The position of Intendant remained in existence until the French Revolution.


Appointed and revoked by the king and reporting to the Controller-General of Finances, the Intendant in his "généralité" had at his service a small team of secretaries. In the 18th century, the "généralité" was subdivided into "subdelegations" at the head of which was placed a "subdelegate" (having also a team of secretaries) chosen by the Intendant. In this way, the Intendant was relatively understaffed given his large jurisdiction.

As intendant de justice, he was required to supervise regional courts (except the Parlements with which he was often in violent conflict). He verified that judicial officers were neither slow, nor negligent, nor biased toward the nobility, nor avaricious. The Intendant had the right to transfer court cases to different jurisdictions if he felt that justice would be better served. The Intendant could also himself serve as judge (with the assistance of royal judges). This extensive jurisdiction lead many local judges and courts to decry the Intendants and ask for their suppression or a reduction in their powers.

As intendant de police, he oversaw the "maréchaussée" (the highway police in charge of protecting the countryside from mendicants and bandits) and monitored public opinion and educational institutions. He was in charge of furnishing the royal army, recruiting soldiers and providing for other military spending. He oversaw the provincial milicias. He also could intervene in religious affairs and control of the Protestants (in many provinces, the Intendants carried out the anti-Protestant policies of Louis XIV).

As intendant de finances, he oversaw partitioning of the royal taxes in the "pays d'élection" (see taille) and collecting the king's seigneurial rights (the "centième denier", the "petit scel", the "franc-fief", etc.) on crown lands, supervised the work of financial officers, and provided financial oversight to various religious and scholarly communities.

In addition to these functions, the Intendant also concerned himself with improving agriculture, by introducing new plant species and new growing and husbandry techniques (Turgot in Limousinmarker). He created royal manufacturing. He was responsible for gunpowder and saltpeter, the road network and the postal service. He renovated certain cities (Tourny in Bordeauxmarker). He was appealed to on matters concerning financial transactions and letters of change. The Intendant also had a social role: he opened charity centers for the unemployed and centers for mendicants, and was held to help the population in times of famine by buying, storing and reselling grain.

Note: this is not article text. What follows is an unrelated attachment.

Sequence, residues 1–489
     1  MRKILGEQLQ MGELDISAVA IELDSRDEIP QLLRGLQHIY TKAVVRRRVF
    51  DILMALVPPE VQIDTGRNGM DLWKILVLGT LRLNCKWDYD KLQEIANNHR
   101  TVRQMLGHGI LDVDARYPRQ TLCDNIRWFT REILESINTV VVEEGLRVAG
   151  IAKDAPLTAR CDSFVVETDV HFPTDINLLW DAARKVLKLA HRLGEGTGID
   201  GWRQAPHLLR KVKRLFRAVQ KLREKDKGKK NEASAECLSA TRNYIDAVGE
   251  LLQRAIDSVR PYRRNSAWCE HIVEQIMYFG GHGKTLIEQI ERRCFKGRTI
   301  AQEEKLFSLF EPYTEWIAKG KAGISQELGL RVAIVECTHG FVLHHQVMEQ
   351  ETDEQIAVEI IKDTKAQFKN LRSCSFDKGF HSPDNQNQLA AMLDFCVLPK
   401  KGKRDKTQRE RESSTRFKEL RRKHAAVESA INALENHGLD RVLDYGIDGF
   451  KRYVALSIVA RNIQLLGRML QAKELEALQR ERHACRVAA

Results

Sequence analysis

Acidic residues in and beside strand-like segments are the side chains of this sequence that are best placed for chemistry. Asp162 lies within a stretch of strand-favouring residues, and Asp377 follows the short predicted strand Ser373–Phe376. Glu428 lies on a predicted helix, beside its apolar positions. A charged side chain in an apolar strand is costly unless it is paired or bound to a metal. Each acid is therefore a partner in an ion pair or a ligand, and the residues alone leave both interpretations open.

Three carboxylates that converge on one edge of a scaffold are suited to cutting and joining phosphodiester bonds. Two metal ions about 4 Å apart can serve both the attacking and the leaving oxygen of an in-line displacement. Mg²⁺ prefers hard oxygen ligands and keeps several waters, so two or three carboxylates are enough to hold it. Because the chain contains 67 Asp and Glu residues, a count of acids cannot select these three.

For more on the administrative structures of ancien régime France, see: Early Modern France.

Famous Intendants


New France

The French colony of New France in North America, which later became the Canadianmarker province of Quebecmarker, also had a senior official called an intendant, who was responsible to the French King. New France's first intendant was Jean Talon, comte d'Orsainville in 1665, and the last one, at the time of the British Conquest in 1759 was François Bigot.

The Spanish Monarchy

Intendants were introduced into the Spanish Empire during the Bourbon Reforms, which were designed by the new dynasty to make political administration more efficient and to promote economic, commercial, and fiscal development of their new realms. An intendente was in charge of a Spanish administrative unit, called an intendencia, which could include one or more provinces. The intendente was appointed directly by the Crown and had responsibility to oversee the treasury, the collection of taxes, and to promote agriculture and economic growth in general. With fiscal powers that gave them a say in almost all administrative, ecclesiastical and military matters, intendentes were conceived by the Bourbon kings to be a check on other local officials (who in the past couple of centuries had come to gain their position through the sale of offices or inheritance), just as the intendants had been in France a century earlier. Throughout the 18th century the Bourbons experimented with the powers and duties of the intendants, both in Spain and overseas, so what follows is only a general description of the Spanish intendancy. In any given area at any given time, the duties of the intendant would have been specified by the laws that established that particular intendancy.

The first intendencias were established in Spain after 1711, during the War of the Spanish Succession on the advice of Jean Orry, who had been sent by Louis XIV of France to help his young grandson Philip V set up his new government. The first intendants (superintendentes generales del ejército) oversaw the finances of the army and of the territories conquered by the Bourbons, and after the war, they were made permanent (intendentes de ejército y provincia). (After 1724, most intendancies lost their military character except in areas with a captaincy general and in Navarremarker.) In 1749 an intendancy was established in every province, with the intendant also holding the office of corregidor of the capital city. (The offices were separated again in 1766). District alcaldes mayores or coregidores were subordinated to the provincial intendente-corregidor and assisted him in managing the province and implementing reforms.